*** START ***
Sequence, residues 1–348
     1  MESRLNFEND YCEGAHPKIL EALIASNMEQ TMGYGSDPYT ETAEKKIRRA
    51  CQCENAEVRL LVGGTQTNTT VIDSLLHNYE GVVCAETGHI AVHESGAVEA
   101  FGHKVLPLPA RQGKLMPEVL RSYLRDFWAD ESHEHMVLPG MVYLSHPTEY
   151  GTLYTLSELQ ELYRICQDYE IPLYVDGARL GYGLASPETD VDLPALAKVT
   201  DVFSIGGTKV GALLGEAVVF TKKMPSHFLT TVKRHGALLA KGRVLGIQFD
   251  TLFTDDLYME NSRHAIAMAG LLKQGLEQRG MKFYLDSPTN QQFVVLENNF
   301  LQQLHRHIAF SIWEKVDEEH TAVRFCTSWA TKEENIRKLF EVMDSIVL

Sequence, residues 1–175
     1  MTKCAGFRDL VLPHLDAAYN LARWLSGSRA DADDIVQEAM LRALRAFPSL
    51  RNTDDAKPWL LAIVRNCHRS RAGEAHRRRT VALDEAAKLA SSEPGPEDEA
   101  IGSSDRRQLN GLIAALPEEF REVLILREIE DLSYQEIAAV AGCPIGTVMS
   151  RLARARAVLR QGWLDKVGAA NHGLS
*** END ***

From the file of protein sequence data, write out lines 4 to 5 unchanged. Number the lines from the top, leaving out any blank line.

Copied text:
   101  FGHKVLPLPA RQGKLMPEVL RSYLRDFWAD ESHEHMVLPG MVYLSHPTEY
   151  GTLYTLSELQ ELYRICQDYE IPLYVDGARL GYGLASPETD VDLPALAKVT